An important lesson in child safety from the Morcombes

Published 11:00am 10 August 2023

An important lesson in child safety from the Morcombes
Words by Ashleigh Howarth

Students from Hercules Road State School have learnt important safety tips on how to protect themselves in real life and online with a representative from the Daniel Morcombe Foundation visiting the school this week.

Michelle Cole from the Foundation dropped by on Wednesday morning and spoke to students from Years 3-6 about the Morcombes' Recognise, React and Report program.

The program has been designed to help children identify the skills they need if they find themselves in an unsafe situation, such as recognising and listening to their body clues, how to react and run to a safe place when they feel unsafe, and the best way to report the incident to a trusted adult.

During her presentation, Michelle first spoke to the children about Daniel Morcombe, who was abducted on December 7, 2003, from a bus stop on the Sunshine Coast.

“This talk is not about frightening you, but it is about providing you with some skills that will help to keep you safe,” Michelle says.

“When Daniel left home that day, unfortunately he didn’t know that within an hour things would go from safe to unsafe very quickly.

“Daniel didn’t have the skills he needed to keep safe - he wasn’t able to recognise potential danger, he didn’t know how to react, and he didn’t have the opportunity to report it.

“That is why we want to help you learn how to trust your instincts, stay in control, and really trust yourself to keep yourself safe.”

During her presentation, Michelle also spoke about the importance of students having a safety network of five adults they could trust (two of whom should be outside their household), why they should always tell an adult where they are going and what time they will be back, creating their own family password, and tips on how to stay safe on the internet.

The Morcombes, along with representatives from the foundation, have made it their mission to attend as many schools as possible to spread their message.

Daniel’s disappearance prompted his parents, Bruce and Denise Morcombe, to establish the Daniel Morcombe Foundation in 2005, which is committed to providing child safety education to children and young people to prevent abuse and promote lifelong health and wellbeing.

Following an incredible undercover police investigation, Daniel’s remains were found in August 2011.

An important lesson in child safety from the Morcombes

Remembering the three Rs

Michelle hopes the students who attended the presentation will remember the three Rs for the duration of their lives, saying you are never too old to care about personal safety.

The three Rs used in the program stand for:

RECOGNISE: encouraging students to be aware of their surroundings and to recognise body clues in situations where they don't feel safe.

REACT: helping students consider choices that may keep them safe or help make them safe again as quickly as possible.

REPORT: encouraging students to report unsafe incidents to an adult.

Tips to keep children safe online

Michelle also chatted to the students about why it was important to remain vigilant and protect themselves from strangers online.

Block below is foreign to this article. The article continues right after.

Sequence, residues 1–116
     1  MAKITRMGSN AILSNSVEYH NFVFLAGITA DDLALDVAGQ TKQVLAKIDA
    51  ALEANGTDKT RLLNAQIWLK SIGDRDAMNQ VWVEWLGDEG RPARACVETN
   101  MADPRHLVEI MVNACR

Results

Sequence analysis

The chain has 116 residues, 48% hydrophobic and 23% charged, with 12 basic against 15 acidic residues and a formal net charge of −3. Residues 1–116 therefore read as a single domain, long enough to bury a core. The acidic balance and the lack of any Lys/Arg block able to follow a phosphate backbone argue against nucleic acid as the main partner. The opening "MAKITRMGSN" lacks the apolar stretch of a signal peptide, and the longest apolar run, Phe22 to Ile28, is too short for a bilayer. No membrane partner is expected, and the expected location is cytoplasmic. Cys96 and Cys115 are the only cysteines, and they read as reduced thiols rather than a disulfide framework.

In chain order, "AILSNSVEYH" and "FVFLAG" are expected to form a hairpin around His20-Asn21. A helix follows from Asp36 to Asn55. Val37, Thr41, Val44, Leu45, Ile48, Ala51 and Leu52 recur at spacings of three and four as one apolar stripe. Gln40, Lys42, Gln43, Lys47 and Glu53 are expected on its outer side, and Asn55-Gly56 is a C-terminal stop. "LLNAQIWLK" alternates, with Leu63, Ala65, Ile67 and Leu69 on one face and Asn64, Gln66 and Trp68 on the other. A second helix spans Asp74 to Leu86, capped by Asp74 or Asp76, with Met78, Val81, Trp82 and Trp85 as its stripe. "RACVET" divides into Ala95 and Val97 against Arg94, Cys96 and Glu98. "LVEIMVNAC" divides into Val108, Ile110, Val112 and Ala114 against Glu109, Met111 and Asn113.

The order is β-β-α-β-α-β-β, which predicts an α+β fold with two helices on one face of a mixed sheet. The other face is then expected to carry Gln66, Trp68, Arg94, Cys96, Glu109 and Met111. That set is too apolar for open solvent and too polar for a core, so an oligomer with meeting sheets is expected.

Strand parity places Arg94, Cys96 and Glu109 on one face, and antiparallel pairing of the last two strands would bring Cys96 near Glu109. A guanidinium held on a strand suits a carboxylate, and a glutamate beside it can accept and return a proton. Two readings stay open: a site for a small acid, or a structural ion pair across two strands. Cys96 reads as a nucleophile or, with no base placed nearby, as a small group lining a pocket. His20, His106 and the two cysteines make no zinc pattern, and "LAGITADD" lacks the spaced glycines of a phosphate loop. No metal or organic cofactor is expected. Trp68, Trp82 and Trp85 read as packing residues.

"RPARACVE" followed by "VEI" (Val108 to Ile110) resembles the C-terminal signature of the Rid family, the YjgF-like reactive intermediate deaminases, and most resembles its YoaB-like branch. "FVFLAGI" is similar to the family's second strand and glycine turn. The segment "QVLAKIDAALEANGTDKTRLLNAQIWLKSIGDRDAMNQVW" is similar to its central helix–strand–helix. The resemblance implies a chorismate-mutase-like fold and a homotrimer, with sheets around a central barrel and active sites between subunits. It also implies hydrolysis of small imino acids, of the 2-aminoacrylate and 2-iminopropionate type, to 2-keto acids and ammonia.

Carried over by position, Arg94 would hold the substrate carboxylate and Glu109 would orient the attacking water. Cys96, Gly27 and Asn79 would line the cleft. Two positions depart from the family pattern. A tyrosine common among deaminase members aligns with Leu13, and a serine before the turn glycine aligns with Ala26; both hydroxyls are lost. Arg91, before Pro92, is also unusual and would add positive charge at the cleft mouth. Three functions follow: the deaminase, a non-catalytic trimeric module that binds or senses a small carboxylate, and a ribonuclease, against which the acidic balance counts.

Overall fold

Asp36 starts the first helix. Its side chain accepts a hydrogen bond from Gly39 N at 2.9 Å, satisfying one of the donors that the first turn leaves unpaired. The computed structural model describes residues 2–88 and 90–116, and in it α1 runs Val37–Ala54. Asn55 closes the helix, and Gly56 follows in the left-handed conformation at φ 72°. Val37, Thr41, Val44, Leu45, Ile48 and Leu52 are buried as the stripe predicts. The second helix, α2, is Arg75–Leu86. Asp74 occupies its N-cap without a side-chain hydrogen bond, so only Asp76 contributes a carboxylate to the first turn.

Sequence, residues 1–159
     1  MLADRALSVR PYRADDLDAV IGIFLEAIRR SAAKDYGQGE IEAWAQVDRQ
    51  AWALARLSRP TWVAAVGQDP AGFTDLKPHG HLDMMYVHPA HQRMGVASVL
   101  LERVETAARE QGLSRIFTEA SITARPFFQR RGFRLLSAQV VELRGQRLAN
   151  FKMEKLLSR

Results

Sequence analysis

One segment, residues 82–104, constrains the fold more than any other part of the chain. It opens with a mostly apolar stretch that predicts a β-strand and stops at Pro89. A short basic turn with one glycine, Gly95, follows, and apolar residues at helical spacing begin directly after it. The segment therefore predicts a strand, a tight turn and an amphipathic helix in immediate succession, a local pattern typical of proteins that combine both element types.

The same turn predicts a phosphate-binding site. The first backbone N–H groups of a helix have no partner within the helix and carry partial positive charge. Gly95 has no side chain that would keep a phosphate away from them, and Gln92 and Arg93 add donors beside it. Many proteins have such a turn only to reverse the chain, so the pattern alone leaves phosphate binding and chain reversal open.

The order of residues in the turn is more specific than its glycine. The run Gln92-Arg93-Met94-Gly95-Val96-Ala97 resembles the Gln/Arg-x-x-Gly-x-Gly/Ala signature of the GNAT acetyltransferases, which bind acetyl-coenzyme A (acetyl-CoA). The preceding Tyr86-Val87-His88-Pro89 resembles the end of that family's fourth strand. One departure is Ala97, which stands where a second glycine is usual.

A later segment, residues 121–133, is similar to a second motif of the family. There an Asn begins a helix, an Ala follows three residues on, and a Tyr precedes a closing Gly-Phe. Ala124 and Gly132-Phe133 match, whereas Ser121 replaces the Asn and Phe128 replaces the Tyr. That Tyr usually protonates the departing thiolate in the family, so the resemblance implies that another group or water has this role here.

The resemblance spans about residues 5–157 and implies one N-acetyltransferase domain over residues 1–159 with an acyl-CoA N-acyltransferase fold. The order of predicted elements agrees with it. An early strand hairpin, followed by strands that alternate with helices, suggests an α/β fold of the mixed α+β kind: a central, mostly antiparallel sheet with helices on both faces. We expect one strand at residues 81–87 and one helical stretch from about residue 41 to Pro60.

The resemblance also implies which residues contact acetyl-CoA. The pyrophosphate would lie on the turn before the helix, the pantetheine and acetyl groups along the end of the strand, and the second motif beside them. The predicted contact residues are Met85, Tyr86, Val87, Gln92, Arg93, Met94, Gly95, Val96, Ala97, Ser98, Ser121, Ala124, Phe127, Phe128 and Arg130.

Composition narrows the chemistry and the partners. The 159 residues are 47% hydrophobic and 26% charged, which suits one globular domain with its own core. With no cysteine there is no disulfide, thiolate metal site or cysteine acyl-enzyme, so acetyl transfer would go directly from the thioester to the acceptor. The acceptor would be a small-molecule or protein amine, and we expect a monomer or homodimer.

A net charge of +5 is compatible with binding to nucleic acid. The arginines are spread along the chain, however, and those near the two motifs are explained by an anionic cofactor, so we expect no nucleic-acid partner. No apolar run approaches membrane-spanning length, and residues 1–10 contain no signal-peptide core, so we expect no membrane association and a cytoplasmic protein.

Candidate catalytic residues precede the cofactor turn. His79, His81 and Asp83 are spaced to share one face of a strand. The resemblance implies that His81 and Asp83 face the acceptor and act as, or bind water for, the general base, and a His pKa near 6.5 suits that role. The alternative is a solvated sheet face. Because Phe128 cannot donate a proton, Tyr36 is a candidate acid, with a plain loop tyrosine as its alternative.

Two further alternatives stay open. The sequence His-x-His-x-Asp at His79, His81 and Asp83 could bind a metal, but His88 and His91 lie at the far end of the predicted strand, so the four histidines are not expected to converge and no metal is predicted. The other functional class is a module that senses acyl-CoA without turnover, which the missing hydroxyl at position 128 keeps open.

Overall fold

She used the example of an adult posing online as a teenager to get her message across.

“The online world is a brilliant place to be, but there needs to be some additional things we think about to keep us safe,” Michelle says.

“I have spoken to a lot of kids this year, and what I am hearing, especially from those in years 5 and 6, is ‘Michelle, you don’t understand the online world, you’re old’.

“But regardless, it’s a different world and sometimes us adults will see it differently, but staying safe online and staying safe in the real world are both equally important.

“Please don’t accept friend requests or messages from people you don’t know.

“If anyone is talking to strangers online and you don’t know them in the real world, I would really love to think every single person here will delete them.

“And if you think your friend is actually the real deal, show someone in your safety network and ask them what they think.

“Also, please don’t post photos of yourselves in your school uniform online, because that can make it easy to identify where you go to school and what area you live in.”

An important lesson in child safety from the Morcombes

Day For Daniel

Held annually on the last Friday of October, Day for Daniel honours the memory of Daniel Morcombe.

It is Australia’s largest child safety education and awareness day, with parents, carers and educators encouraged to start a conversation with children and young people about personal safety.

On this day, the foundation asks everyone to wear red, which was the same-coloured T-shirt Daniel was wearing when he was abducted in 2003.

Day for Daniel is the Daniel Morcombe Foundation’s biggest fundraiser for the year. Money raised from the event helps the foundation continue developing free resources and programs which teach children how to stay safe.

Money from the day also goes towards supporting young victims of crime.

To find out more about Day for Daniel, and how you can be involved, visit the website.

Find out more

The Daniel Morcombe Foundation website has several safety resources and videos on its website which are available for everyone to access. These include conversation cards, fact sheets, activities, lesson plans and videos.

The foundation also recently launched its latest eSafety Challenge called That’s Suss. This free resource provides children aged between 8-12 the skills they can use to recognise red flags, react to their body clues and learn how to report online grooming and suspicious behaviour.


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